Simon Gamble’s insight into hydro technology at Hydro Tasmania showed the congregation that hydro power was a viable option and offered a strong argument as to why living off the grid was possible in the near future. Due to falling costs of mobile energy storage solutions and the current subsidised price of installing solar PV cells, the ability to live completely independent of the main power generation grid is becoming a definite possibility for Australian citizens. His presentation is below, however given the rather technical nature of his discussion, the slideshow may not be easily understood without the vocal narrative.

It was noted as a caveat that whilst renewable energy sources were definitely going to play a major role in the future or our country and planet, a complete independence from fossil fuels was not possible. Throughout the conference, Kane Thornton spoke about the importance of Australian coal and gas assets, and that upgrading technology for these energy sources was important, as was gradually phasing out older power generators to enable growth in the renewables sector.

Given the recent shift in the federal government’s energy policy through the eradication of the carbon tax, the economy is still dependent on an ageing coal fleet that doesn’t have the long term capacity to meet Australia’s future energy demands. With the freeze of the Renewables Energy Target it seems that many projects like Hydro Tasmania’s energy storage, and development of more projects like Sundrop Farms is that little bit further away.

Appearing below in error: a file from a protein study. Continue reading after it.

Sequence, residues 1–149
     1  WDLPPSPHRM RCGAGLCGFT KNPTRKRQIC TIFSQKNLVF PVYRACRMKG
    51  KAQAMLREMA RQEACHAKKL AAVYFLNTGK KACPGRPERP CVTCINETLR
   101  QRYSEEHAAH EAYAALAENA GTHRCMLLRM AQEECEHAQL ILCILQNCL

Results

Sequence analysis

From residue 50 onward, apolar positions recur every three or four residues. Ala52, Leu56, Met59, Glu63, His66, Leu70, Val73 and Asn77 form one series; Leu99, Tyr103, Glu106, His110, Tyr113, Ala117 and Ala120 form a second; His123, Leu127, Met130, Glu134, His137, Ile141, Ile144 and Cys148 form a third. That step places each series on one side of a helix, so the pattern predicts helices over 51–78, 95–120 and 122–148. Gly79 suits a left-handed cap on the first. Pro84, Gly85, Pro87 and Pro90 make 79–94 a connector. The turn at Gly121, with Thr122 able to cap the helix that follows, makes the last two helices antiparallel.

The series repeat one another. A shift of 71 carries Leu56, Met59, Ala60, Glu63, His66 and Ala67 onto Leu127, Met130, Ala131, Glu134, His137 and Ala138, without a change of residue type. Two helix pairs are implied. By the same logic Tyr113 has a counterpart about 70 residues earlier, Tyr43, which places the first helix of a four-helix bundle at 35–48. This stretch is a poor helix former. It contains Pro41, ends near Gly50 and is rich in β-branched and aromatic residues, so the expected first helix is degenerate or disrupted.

In terms of continuing sustainable development, it is still possible for the business community to at least make small changes to cutting down energy costs. Reviewing lighting, heating and energy efficient technology within an organisation can create huge savings as well as creating environmental and social returns. You can find a brief list of initiatives on the Energy Australia Website. The panel of speakers certainly advocated for making behind the scenes improvements, but did reinforce that major technological and infrastructure advancements were dependant on financial mechanisms determined by federal policy.

Looking further out from the UNAA conference the G20 Summit in Brisbane in November, a number of factions are hoping to push for a solidified energy policy by calling for a place in the agenda for carbon trading and climate change. The Centre for Economic Development of Australia is leading the charge, noting that a long term climate and energy policy must be implemented soon to enable Australia to maintain its competitive advantage and still remain a haven for sustainable development and international investment.

Let’s hope that a forum like G20 will impress upon the federal government to create the foundation of a strong long term energy policy, one that will be supported by all major parties, no matter who moves to power in the next election. Australia needs stability in this area if it is to continue to nurture Australian business, innovation and sustainable technology.